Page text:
Plant care is self-care
From killing every plant to growing a thriving garden
I grew up hearing stories about my mom’s childhood, which she spent on a farm in the Philippines.
She would talk about selling the fruits and vegetables her family grew on that farm. I guess you could say having a green thumb is in my blood.
Despite this lineage, I didn’t have the easiest time on my own plant-growing journey.
When I first moved out, I lived in a basement apartment with little to no sun, and the chances of plants surviving were slim. However, this didn’t stop my friends from giving me three plants as gifts for Christmas.
Plants are a big responsibility. Each one needs the right amount of water, sunlight and sometimes food. These gifts made me want to step up to the plant-parenting plate.
My friends reassured me that the plants would grow in low-light areas and that I wouldn’t have to water them often, because they were all succulents.
I’d had succulents in the past, and they had all died pretty quickly, so I wasn’t sure if I could do it again. But my friends had found ones specifically catered to me, so I felt obliged to try. I didn’t want to let them down.
Having gone from those three plants to 15, I guess I can say that I have some plant care know-how. But I’m not here to brag about my new knowledge (even though I can now successfully identify plants without the tags at the nursery).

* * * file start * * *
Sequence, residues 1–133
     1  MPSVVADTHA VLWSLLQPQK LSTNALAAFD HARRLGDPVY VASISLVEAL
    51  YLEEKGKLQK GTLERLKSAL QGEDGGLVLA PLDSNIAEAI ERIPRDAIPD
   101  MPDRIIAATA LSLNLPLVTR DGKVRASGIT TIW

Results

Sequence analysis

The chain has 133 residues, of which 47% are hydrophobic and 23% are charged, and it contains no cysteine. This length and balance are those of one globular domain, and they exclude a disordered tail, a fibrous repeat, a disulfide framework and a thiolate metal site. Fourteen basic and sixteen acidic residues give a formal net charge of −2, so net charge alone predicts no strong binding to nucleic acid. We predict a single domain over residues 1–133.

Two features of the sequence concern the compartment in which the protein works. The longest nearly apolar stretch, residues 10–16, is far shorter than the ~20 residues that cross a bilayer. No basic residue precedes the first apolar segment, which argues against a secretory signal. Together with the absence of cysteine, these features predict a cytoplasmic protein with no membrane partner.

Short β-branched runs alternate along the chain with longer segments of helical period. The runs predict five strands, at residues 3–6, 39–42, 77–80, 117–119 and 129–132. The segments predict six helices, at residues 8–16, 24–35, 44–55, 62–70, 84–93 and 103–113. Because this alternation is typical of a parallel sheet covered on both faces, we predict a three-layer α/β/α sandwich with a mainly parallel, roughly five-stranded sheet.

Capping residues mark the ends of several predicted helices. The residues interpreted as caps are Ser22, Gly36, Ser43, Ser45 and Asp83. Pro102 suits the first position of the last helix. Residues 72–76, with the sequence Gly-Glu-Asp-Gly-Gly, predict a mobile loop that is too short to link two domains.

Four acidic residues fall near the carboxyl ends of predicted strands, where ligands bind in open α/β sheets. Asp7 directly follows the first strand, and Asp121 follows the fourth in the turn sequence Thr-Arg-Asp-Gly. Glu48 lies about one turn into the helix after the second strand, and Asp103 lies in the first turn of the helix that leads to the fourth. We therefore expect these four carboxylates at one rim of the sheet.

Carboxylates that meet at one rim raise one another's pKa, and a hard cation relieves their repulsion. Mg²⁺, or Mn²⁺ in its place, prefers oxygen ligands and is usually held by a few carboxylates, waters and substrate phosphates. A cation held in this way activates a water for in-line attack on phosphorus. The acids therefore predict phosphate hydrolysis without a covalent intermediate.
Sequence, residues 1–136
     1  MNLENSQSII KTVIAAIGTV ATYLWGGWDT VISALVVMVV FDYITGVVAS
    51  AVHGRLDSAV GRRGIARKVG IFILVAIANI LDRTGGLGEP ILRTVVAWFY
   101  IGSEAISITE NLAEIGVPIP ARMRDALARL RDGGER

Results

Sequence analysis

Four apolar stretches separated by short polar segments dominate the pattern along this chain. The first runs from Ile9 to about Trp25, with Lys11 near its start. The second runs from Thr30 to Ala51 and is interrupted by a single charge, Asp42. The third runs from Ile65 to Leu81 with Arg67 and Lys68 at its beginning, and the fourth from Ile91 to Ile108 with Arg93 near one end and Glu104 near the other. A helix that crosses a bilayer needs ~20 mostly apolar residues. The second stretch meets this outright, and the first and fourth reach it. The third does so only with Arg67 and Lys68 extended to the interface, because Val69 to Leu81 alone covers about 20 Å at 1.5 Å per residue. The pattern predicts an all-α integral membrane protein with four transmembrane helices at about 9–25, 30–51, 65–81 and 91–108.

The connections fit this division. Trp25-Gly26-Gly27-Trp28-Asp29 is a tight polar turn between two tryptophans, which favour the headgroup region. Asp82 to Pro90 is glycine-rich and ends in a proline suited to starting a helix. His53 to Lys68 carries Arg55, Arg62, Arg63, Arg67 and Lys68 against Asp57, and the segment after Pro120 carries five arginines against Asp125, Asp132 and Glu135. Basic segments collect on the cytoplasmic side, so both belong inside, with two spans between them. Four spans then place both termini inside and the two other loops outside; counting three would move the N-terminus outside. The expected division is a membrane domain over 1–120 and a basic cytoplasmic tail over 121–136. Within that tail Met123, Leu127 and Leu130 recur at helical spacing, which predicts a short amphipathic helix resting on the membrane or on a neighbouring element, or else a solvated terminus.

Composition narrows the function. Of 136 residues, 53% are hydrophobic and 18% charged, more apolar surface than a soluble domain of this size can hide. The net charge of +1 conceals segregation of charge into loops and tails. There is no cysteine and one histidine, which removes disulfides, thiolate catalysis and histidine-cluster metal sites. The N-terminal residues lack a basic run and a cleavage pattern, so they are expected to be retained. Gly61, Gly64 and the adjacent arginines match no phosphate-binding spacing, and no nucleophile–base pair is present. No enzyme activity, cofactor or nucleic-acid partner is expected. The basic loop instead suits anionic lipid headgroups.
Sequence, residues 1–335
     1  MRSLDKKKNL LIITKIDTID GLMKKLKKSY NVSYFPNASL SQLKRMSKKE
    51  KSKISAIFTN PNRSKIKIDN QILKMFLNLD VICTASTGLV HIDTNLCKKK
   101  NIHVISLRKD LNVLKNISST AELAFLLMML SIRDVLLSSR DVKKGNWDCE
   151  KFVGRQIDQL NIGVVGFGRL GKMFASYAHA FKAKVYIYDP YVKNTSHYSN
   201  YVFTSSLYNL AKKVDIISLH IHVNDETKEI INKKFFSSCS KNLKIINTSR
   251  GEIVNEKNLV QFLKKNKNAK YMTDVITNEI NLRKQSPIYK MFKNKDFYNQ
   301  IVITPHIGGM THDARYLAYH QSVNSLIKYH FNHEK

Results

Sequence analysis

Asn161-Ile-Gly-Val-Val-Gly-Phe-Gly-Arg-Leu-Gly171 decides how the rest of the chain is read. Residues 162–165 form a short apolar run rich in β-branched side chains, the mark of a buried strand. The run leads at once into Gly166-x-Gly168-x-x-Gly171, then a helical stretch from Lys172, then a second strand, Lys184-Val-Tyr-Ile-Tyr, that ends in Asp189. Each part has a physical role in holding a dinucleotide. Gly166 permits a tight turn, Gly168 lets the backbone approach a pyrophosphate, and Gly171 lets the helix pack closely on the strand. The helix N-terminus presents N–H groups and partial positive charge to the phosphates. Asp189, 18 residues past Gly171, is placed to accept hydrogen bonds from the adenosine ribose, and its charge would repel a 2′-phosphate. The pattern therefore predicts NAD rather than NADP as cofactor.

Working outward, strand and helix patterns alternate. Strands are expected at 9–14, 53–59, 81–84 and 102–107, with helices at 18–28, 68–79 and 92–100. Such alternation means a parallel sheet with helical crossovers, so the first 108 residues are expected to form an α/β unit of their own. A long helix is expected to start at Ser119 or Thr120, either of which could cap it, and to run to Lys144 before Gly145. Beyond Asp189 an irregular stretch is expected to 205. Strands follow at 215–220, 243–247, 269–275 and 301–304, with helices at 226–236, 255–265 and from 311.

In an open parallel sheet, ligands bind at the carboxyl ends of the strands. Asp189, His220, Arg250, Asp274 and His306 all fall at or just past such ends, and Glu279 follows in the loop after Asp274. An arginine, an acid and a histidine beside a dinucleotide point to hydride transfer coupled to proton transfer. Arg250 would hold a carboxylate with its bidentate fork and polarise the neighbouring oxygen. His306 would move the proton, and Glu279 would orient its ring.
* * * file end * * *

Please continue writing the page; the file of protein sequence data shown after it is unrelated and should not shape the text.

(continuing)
Plants unexpectedly gave me a pick-meup during the long pandemic restrictions in 2020 and 2021.
During the first round of restrictions, my whole routine was thrown out the window. With school shutting down, my job canceling shifts and being stuck in a basement apartment for days on end, there was no structure in my life anymore. The only constant I had was feeding my cat breakfast and dinner.
After getting my plants, it was like a new breath of energy surged through me. I got an app on my phone that told me when to water my plants and prompted me to complete progress updates about how they’re doing. Every Saturday, I would go around my apartment and check for pests, new growth and anything out of the ordinary.
My leafy friends gave me a task to look forward to every day – yet another reason to get up instead of mope in bed and let myself slip into a depressive episode.
Taking care of plants has also introduced me to new communities and similar interests. I started following Instagram accounts like @wpgfreeplants that built a close-knit plant community in Winnipeg during the first quarantine. Many people in this community are also interested in growing their own fruits and vegetables, which has made me want to become more sustainable and do the same this upcoming summer.
Growing and caring for plants isn’t the most glamorous self-care routine, but it is fulfilling. So if you’re looking to pick up a new hobby this year why not introduce a little bit of greenery into your life?
Kim Uduman is finishing up her bachelor’s degree in rhetoric, writing and communications at the University of Winnipeg. In her downtime, she loves caring for her plants, cuddling her orang
Published in Volume 76, Number 15 of The Uniter (January 27, 2022)